Tech

August 13, 2012

Navy marks milestone production of key aircraft computer system

Wearing anti-static smocks to prevent electrostatic discharges, from left, Vicki Nagle, deputy integrated project team lead for the Advanced Mission Computer and Displays program in the Air Combat Electronics Program Office, and Capt. Tracy Barkhimer, PMA-209 program manager, examine a computer circuit card for an Advanced Mission Computer with Brian Schubloom Sr., manufacturing manager for General Dynamics Advanced Information Systems, during a visit to the company’s Bloomington, Minn., plant on Aug. 2. The Navy has accepted a milestone delivery of the 1,500th AMC, including the 1,000th Type 3 AMC, which is used to replace aging AYK-14 systems on major Navy aircraft platforms.

The Navy and industry partner General Dynamics Advanced Information Systems marked the milestone production of a key computer system used in naval aircraft during a visit to the company’s Bloomington, Minn., plant Aug. 2.

Under the Advanced Mission Computer and Displays program, or AMC&D, General Dynamics Advanced Information Systems has now delivered the 1,500th AMC, including the 1,000th Type 3 AMC, which are used to replace aging AYK-14 systems on major Navy aircraft platforms.

Capt. Tracy Barkhimer, program manager for the Air Combat Electronics office, which manages production of the AMC&D, hailed the importance of the system to the Navy.

“The General Dynamics mission computers have been and continue to be extremely versatile and highly reliable systems for our fleet users,” Barkhimer said. “They provide mission computing capabilities for many major naval aircraft platforms. The AYK-14 mission computers in the F/A-18A-Ds, E-2Cs, and SH-60Bs are still in service and have been for more than 35 years, while AMC&D products are entering their 10th year of service.”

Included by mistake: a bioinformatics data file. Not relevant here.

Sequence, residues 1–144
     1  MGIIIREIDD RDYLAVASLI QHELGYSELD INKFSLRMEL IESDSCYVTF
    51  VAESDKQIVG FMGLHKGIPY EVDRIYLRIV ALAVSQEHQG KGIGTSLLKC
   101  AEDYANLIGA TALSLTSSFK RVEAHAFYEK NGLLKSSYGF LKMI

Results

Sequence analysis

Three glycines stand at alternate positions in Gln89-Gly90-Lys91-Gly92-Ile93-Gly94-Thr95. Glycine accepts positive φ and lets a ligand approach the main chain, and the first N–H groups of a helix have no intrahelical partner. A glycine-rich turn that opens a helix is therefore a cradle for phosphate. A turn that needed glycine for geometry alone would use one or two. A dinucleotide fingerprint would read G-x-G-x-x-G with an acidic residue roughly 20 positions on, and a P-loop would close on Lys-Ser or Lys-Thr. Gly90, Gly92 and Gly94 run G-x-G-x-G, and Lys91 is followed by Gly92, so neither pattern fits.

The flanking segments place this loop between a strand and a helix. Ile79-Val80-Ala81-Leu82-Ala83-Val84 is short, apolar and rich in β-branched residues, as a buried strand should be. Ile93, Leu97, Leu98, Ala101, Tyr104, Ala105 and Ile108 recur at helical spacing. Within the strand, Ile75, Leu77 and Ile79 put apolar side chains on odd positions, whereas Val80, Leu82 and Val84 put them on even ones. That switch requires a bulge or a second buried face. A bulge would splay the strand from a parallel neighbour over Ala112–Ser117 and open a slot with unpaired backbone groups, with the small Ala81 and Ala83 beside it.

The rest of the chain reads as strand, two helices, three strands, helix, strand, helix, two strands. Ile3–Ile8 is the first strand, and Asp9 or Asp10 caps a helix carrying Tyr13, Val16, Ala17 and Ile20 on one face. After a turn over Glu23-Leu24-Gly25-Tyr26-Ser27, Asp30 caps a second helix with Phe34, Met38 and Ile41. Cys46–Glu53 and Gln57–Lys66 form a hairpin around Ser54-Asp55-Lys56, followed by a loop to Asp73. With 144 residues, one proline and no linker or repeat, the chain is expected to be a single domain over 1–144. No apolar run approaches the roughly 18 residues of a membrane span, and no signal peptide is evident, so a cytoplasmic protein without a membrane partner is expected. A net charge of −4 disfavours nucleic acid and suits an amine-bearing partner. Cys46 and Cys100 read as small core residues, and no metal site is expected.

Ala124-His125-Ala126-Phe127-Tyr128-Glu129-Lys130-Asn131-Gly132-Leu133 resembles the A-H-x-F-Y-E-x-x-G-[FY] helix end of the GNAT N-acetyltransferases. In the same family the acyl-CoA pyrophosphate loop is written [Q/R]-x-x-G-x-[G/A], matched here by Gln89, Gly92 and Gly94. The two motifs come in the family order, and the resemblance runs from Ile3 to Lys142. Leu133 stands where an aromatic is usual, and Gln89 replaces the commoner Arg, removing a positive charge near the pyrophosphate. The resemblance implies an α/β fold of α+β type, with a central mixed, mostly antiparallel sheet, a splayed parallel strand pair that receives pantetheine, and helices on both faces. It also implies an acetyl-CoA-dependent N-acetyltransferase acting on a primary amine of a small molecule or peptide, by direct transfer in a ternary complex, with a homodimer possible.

The AMC&D system is currently used on the AV-8B Harrier, the F/A-18A-D Hornet, the E-2D Advanced Hawkeye, the F/A-18E/F Super Hornet and the EA-18G Growler. On the F/A-18E/F and EA-18G, the AMC&D system replaces legacy AYK-14 Mission Computers and aging CRT Displays with integrated Advanced Mission Computers, network switches and high resolution displays.

The AMC&D system represents a new generation in computing capability for naval aviation, Navy officials said. Where the AYK-14 systems were limited to data processing, the AMC&D systems bring orders of magnitude increases in processing performance and memory, display and video processing capability and high-speed networks to the fleet. By integrating mission and image processing into a single system, the AMC&D computers enable pilots and aircrew to identify, track and designate targets in ways that could not be done with the older AYK-14 systems.

In addition, with the inclusion of high-speed networks, high-definition images can be transferred between systems and stored for later evaluation. On a more basic level, the AMC&D is an open-architecture system capable of drawing on the latest commercial processing, networking and software development technologies available (think iPads and PCs), unlike the AYK-14 systems that used Navy unique architectures and were limited by government funding for advancements.

Mike Tweed-Kent, General Dynamics Advanced Information Systems vice president and general manager of the Mission Integration Systems division, said the milestone AMC&D production highlighted the importance of the company’s ongoing relationship supporting the Navy.